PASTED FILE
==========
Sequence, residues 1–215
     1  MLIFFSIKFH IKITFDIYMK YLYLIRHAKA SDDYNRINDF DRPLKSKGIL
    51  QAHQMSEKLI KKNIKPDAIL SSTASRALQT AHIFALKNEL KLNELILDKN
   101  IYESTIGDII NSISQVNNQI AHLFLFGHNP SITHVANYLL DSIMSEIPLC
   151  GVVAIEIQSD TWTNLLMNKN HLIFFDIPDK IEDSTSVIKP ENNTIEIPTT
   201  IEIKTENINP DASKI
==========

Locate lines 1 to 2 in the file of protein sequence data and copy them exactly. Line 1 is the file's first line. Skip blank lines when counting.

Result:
Sequence, residues 1–215
     1  MLIFFSIKFH IKITFDIYMK YLYLIRHAKA SDDYNRINDF DRPLKSKGIL